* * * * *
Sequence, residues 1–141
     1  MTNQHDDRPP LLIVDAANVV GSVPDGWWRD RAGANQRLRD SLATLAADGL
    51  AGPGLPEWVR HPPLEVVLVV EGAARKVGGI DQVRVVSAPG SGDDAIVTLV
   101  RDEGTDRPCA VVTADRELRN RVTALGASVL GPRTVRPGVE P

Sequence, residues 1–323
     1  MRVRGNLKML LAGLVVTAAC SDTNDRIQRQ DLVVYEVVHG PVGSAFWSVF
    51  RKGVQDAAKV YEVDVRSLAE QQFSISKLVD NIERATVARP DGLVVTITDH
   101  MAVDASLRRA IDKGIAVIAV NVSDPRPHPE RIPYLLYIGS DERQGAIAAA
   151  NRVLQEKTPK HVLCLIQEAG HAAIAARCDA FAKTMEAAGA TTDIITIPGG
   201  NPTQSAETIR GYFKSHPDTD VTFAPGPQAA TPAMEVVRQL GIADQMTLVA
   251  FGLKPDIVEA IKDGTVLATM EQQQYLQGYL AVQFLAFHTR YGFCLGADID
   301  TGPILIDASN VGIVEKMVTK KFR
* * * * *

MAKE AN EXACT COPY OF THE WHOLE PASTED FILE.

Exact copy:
Sequence, residues 1–141
     1  MTNQHDDRPP LLIVDAANVV GSVPDGWWRD RAGANQRLRD SLATLAADGL
    51  AGPGLPEWVR HPPLEVVLVV EGAARKVGGI DQVRVVSAPG SGDDAIVTLV
   101  RDEGTDRPCA VVTADRELRN RVTALGASVL GPRTVRPGVE P

Sequence, residues 1–323
     1  MRVRGNLKML LAGLVVTAAC SDTNDRIQRQ DLVVYEVVHG PVGSAFWSVF
    51  RKGVQDAAKV YEVDVRSLAE QQFSISKLVD NIERATVARP DGLVVTITDH
   101  MAVDASLRRA IDKGIAVIAV NVSDPRPHPE RIPYLLYIGS DERQGAIAAA
   151  NRVLQEKTPK HVLCLIQEAG HAAIAARCDA FAKTMEAAGA TTDIITIPGG
   201  NPTQSAETIR GYFKSHPDTD VTFAPGPQAA TPAMEVVRQL GIADQMTLVA
   251  FGLKPDIVEA IKDGTVLATM EQQQYLQGYL AVQFLAFHTR YGFCLGADID
   301  TGPILIDASN VGIVEKMVTK KFR